Objective: To review the effect of risedronate on bone density and fractures in postmenopausal women.
Data sources: We searched MEDLINE from 1966 to the end of 2000 and examined citations of relevant articles and the proceedings of international osteoporosis meetings.
Study selection: We included eight randomized, placebo-controlled trials of postmenopausal women receiving risedronate or placebo with a follow-up of at least one year and providing data on bone density or fracture rate.
Data extraction: For each trial, two independent reviewers assessed the methodological quality and abstracted data.
Data synthesis: The major methodological limitation of the trials was the loss to follow-up, which was over 20% in most trials and over 35% in the largest study. However, the magnitude of the treatment effect was unrelated to loss to follow-up, and in one of the largest trials, more high-risk patients were lost to follow-up in the control than in the treatment group. The pooled relative risk (RR) for vertebral fractures in women given 2.5 mg or more of risedronate was 0.64 [95% confidence interval (CI) 0.54, 0.77]. The pooled RR of nonvertebral fractures in patients given 2.5 mg or more of risedronate was 0.73 (95% CI 0.61, 0.87). Risedronate produced positive effects on the percentage change in bone density of the lumbar spine, combined forearm, and femoral neck that were generally larger with the 5-mg daily dose than with cyclical administration or the 2.5-mg dose. The pooled estimate of the difference in percentage change between 5 mg risedronate and placebo after the final year of treatment (1.5-3 yr) was 4.54% (95% CI 4.12, 4.97) for the lumbar spine, and 2.75% (95% CI 2.32, 3.17) at the femoral neck.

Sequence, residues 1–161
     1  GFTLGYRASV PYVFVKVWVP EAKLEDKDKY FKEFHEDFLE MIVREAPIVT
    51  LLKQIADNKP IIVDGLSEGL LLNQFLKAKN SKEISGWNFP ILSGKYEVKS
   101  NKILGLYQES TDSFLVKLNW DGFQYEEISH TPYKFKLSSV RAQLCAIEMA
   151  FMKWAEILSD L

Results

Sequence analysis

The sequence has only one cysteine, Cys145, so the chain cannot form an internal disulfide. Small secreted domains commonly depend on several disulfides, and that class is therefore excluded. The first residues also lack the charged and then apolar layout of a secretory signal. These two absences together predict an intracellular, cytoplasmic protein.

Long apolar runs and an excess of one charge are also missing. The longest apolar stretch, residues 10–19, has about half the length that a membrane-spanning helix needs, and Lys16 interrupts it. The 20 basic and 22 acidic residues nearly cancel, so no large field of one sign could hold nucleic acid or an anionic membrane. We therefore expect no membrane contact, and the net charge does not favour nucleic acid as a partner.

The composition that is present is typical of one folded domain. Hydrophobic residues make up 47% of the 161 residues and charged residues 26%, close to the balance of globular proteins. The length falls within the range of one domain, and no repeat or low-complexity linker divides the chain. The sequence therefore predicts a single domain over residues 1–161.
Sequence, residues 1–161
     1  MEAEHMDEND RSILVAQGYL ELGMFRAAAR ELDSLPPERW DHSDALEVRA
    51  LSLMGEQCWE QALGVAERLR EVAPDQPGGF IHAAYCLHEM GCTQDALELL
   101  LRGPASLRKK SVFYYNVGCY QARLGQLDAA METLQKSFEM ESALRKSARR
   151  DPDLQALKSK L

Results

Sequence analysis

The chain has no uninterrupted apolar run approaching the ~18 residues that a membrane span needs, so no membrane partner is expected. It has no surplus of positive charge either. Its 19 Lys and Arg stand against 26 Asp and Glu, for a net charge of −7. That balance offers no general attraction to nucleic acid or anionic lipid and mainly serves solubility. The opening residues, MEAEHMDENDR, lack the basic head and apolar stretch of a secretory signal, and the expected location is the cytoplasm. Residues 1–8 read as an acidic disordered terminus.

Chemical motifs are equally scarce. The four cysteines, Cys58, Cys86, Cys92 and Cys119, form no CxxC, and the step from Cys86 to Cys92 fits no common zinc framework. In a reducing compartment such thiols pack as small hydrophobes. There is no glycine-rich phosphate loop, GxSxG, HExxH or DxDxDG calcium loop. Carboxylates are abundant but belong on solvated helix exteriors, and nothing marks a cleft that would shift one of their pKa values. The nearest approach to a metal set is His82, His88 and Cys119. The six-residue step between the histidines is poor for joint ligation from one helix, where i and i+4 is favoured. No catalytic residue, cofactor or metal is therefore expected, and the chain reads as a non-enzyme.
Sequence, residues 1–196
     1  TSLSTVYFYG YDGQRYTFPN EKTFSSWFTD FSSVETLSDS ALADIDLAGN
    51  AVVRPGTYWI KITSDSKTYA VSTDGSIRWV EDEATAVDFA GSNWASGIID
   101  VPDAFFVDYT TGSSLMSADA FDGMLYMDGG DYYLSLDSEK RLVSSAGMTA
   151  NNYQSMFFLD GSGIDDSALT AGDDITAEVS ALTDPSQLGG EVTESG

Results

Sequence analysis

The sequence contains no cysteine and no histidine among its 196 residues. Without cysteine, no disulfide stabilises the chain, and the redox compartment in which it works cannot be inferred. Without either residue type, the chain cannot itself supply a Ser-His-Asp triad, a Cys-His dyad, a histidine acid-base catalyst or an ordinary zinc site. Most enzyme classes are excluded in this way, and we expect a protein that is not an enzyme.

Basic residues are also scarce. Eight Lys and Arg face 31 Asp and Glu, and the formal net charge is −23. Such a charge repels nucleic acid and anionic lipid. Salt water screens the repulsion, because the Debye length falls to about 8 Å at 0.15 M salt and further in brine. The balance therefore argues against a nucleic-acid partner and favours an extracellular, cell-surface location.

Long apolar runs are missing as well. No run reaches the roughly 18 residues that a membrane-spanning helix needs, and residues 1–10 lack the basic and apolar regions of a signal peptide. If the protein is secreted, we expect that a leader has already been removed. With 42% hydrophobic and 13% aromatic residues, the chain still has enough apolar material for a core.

Conclusions: Risedronate substantially reduces the risk of both vertebral and nonvertebral fractures. This fracture reduction is accompanied by an increase in bone density of the lumbar spine and femoral neck in both early postmenopausal women and those with established osteoporosis.